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dc.contributor.authorDharmarajan, Kavita V.
dc.contributor.authorFriedman, Debra L.
dc.contributor.authorSchwartz, Cindy L.
dc.contributor.authorChen, Lu
dc.contributor.authorFitzGerald, Thomas J.
dc.contributor.authorMcCarten, Kathleen M.
dc.contributor.authorKessel, Sandy K.
dc.contributor.authorIandoli, Matthew
dc.contributor.authorConstine, Louis S.
dc.contributor.authorWolden, Suzanne L.
dc.date2022-08-11T08:10:32.000
dc.date.accessioned2022-08-23T17:12:14Z
dc.date.available2022-08-23T17:12:14Z
dc.date.issued2015-05-01
dc.date.submitted2017-04-07
dc.identifier.citationInt J Radiat Oncol Biol Phys. 2015 May 1;92(1):60-6. doi: 10.1016/j.ijrobp.2014.10.042. Epub 2014 Dec 24. <a href="https://doi.org/10.1016/j.ijrobp.2014.10.042">Link to article on publisher's site</a>
dc.identifier.issn0360-3016 (Linking)
dc.identifier.doi10.1016/j.ijrobp.2014.10.042
dc.identifier.pmid25542311
dc.identifier.urihttp://hdl.handle.net/20.500.14038/46457
dc.description.abstractPURPOSE: The study was designed to determine whether response-based therapy improves outcomes in intermediate-risk Hodgkin lymphoma. We examined patterns of first relapse in the study. PATIENTS AND METHODS: From September 2002 to July 2010, 1712 patients bulk, I-IIAE, I-IIB, and IIIA-IVA with or without doxorubicin, bleomycin, vincristine, etoposide, prednisone, and cyclophosphamide were enrolled. Patients were categorized as rapid (RER) or slow early responders (SER) after 2 cycles of doxorubicin, bleomycin, vincristine, etoposide, prednisone, and cyclophosphamide (ABVE-PC). The SER patients were randomized to 2 additional ABVE-PC cycles or augmented chemotherapy with 21 Gy involved field radiation therapy (IFRT). RER patients were stipulated to undergo 2 additional ABVE-PC cycles and were then randomized to 21 Gy IFRT or no further treatment if complete response (CR) was achieved. RER without CR patients were non-randomly assigned to 21 Gy IFRT. Relapses were characterized without respect to site (initial, new, or both; and initial bulk or initial nonbulk), and involved field radiation therapy field (in-field, out-of-field, or both). Patients were grouped by treatment assignment (SER; RER/no CR; RER/CR/IFRT; and RER/CR/no IFRT). Summary statistics were reported. RESULTS: At 4-year median follow-up, 244 patients had experienced relapse, 198 of whom were fully evaluable for review. Those who progressed during treatment (n=30) or lacked relapse imaging (n=16) were excluded. The median time to relapse was 12.8 months. Of the 198 evaluable patients, 30% were RER/no CR, 26% were SER, 26% were RER/CR/no IFRT, 16% were RER/CR/IFRT, and 2% remained uncategorized. The 74% and 75% relapses involved initially bulky and nonbulky sites, respectively. First relapses rarely occurred at exclusively new or out-of-field sites. By contrast, relapses usually occurred at nodal sites of initial bulky and nonbulky disease. CONCLUSION: Although response-based therapy has helped define treatment for selected RER patients, it has not improved outcome for SER patients or facilitated refinement of IFRT volumes or doses.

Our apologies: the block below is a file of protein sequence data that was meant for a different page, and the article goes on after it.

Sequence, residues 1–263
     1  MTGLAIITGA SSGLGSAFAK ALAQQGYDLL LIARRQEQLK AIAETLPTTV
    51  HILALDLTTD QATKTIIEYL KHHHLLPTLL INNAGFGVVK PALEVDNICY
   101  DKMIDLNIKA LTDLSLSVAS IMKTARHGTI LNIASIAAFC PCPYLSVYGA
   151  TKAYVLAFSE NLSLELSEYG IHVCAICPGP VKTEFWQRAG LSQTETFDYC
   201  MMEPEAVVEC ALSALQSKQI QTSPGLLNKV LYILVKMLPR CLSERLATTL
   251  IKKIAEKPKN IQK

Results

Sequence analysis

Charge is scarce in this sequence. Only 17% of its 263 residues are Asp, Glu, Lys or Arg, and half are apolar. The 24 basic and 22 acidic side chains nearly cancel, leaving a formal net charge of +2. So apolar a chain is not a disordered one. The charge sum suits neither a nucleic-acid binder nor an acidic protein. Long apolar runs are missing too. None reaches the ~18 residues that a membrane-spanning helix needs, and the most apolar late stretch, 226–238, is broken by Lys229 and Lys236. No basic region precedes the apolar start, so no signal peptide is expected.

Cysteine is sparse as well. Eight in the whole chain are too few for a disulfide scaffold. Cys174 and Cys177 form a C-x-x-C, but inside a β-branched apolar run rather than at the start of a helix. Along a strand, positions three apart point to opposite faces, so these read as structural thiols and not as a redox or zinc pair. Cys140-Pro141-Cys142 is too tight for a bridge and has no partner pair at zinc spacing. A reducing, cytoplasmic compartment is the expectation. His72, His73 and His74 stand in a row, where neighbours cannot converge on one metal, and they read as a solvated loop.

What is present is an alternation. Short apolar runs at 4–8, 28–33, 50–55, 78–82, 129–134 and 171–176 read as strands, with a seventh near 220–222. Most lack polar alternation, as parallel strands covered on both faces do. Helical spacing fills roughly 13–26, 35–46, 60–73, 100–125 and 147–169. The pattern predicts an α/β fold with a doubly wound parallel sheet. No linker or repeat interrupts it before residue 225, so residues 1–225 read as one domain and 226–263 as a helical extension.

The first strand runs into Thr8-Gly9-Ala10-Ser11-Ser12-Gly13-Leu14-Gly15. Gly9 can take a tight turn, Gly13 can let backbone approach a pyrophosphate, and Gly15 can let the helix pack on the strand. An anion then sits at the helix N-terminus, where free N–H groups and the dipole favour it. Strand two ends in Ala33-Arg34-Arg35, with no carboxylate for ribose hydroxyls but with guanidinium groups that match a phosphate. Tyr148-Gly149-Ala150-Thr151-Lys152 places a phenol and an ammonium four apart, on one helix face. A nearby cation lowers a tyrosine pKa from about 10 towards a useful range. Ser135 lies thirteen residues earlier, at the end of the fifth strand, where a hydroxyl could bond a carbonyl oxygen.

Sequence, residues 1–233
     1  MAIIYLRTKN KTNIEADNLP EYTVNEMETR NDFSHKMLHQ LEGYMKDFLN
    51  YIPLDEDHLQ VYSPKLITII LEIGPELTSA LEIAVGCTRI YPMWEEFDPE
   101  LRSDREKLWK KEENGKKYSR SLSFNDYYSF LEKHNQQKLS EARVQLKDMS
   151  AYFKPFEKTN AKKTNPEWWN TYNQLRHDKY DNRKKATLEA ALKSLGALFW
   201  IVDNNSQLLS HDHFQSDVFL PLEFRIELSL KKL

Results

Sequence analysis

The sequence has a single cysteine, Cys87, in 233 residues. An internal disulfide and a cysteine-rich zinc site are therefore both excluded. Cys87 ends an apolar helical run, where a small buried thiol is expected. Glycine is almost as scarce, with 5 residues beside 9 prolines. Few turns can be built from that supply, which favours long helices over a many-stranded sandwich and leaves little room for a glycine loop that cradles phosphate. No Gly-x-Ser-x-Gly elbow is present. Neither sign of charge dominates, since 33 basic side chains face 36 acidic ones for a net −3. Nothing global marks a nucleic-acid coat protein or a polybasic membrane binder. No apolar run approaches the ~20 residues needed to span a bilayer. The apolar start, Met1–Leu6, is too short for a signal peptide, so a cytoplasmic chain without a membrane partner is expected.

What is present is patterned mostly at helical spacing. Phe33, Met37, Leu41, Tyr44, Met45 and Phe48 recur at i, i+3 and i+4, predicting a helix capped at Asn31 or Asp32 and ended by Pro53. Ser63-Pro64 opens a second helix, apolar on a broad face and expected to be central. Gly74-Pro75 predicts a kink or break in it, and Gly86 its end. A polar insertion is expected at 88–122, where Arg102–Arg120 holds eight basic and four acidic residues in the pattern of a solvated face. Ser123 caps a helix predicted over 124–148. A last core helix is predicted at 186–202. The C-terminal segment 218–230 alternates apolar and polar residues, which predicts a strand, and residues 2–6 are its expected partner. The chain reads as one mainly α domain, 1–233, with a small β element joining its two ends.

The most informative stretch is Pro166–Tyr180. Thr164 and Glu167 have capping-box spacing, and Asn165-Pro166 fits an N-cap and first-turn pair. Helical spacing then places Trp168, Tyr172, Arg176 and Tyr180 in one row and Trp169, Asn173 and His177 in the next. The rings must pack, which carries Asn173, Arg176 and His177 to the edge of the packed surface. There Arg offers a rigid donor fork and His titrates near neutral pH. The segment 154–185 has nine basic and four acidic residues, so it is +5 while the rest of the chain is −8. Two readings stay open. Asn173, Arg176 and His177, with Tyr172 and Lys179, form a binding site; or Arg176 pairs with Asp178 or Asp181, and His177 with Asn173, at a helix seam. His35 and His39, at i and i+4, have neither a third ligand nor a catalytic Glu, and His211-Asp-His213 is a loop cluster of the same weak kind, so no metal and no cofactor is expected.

dc.language.isoen_US